I had a development seminar today at work in which the facilitator asked us to write 3 to 5 things our inner critic harps on us about. My IC used to work overtime but not anymore. I told the group of forty or so women (all of them younger than me) that one of the good things about getting older is I don’t give a rat’s about most things I used to fret over. Not to say that I don’t care but rather I’ve fine-tuned my outlook to focus on what truly matters to me and what I want for my life. Listening to criticism—lobbed from inside or out—didn’t make the cut. Here are three actions I took that have improved my well-being exponentially:
- Telling my IC to get lost and inviting my inner praiser to take up residence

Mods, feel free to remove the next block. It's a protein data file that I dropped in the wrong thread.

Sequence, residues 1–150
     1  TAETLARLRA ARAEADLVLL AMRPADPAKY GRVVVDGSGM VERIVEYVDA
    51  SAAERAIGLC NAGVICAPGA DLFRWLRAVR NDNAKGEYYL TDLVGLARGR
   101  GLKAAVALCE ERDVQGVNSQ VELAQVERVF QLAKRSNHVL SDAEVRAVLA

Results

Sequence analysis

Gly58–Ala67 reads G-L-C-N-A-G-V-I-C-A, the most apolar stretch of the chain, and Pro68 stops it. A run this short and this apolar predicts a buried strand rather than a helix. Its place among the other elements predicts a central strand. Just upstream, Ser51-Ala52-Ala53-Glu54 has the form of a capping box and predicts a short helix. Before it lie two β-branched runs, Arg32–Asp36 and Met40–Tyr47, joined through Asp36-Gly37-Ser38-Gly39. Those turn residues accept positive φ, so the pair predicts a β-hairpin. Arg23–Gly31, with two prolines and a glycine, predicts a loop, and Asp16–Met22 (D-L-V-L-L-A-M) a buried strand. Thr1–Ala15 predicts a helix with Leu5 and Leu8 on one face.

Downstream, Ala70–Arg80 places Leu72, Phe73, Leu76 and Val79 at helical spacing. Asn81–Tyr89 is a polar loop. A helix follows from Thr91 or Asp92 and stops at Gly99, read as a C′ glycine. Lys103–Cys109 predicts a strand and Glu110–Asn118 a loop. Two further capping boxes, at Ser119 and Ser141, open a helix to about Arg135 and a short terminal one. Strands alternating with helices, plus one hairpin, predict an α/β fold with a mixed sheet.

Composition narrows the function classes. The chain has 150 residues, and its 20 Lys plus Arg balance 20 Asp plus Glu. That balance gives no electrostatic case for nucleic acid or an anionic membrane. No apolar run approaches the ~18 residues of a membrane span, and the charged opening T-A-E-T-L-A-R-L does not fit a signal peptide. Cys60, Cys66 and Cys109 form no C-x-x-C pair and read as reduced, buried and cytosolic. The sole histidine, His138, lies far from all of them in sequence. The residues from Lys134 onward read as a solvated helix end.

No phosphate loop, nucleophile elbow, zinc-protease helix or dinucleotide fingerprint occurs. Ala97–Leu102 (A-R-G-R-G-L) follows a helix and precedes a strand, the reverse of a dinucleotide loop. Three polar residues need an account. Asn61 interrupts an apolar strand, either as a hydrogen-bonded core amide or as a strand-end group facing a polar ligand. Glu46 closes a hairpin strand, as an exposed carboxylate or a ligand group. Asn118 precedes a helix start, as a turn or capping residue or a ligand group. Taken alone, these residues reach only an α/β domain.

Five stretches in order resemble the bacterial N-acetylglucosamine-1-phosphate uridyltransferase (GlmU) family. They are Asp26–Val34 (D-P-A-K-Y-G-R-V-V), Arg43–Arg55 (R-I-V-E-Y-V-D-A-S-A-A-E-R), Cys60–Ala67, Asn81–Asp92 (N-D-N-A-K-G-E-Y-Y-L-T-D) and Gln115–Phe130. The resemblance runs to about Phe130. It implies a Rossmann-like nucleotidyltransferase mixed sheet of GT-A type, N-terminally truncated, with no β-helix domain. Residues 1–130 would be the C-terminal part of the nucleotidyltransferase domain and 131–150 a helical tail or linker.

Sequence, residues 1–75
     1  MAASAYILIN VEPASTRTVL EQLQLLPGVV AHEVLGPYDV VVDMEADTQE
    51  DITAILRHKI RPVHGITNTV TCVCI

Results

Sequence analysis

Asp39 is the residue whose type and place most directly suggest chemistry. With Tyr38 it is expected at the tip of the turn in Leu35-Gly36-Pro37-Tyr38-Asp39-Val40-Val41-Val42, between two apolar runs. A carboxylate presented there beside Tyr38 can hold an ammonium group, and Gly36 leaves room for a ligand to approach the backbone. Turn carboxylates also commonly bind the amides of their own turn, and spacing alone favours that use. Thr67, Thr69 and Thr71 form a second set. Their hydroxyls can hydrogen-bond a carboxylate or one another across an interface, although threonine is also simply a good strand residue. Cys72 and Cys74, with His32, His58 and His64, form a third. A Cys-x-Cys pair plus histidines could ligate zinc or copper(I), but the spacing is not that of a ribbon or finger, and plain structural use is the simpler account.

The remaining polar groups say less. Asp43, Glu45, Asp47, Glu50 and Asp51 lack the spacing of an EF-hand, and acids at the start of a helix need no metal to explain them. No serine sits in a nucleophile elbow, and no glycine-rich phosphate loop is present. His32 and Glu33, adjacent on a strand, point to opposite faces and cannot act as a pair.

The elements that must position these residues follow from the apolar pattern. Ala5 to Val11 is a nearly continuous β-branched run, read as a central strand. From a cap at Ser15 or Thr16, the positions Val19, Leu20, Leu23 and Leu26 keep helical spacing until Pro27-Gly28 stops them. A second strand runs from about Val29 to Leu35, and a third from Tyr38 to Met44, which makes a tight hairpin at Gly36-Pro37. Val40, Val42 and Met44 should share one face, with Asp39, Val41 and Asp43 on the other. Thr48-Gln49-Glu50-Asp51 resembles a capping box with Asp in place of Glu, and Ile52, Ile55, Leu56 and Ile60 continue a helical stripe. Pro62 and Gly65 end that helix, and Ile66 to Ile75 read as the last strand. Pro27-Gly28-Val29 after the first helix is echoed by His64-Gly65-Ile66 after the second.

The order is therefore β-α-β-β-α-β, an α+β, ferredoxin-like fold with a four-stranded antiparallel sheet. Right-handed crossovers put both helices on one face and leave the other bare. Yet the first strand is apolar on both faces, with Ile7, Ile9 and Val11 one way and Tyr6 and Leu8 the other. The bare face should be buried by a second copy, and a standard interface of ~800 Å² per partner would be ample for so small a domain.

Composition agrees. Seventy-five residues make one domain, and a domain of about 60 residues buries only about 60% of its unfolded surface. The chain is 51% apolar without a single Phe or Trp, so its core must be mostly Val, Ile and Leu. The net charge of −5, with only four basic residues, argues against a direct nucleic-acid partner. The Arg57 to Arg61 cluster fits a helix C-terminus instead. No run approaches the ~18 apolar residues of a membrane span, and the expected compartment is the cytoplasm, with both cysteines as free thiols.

- Ridding myself of expectations
- Being perfectly okay with the fact that I—and only I—am the only person in the world I can ever count on 100%, taking the pressure off loved ones I used to burden with the role
They say aging isn’t for wimps, and I’ll add that aging also isn’t for people who can’t figure out how to love themselves.
I had an appointment in my old neighborhood this afternoon, so afterward I went for a walk in an old haunt. My little marsh was flush with geese, likely the descendants of the geese couples that I’ve witnessed raising young here for the past 10 years. More apartments have gone up in the field across the road where I used to walk, and more are yet to come. I’ve been taking pictures of this place periodically since just before the developers started their destruction. I wanted to have a record of what it used to look like. I guess these apartments and the soccer field are what some call progress. Sometimes aging also isn’t for those who hate to see open spaces cluttered with “progress.”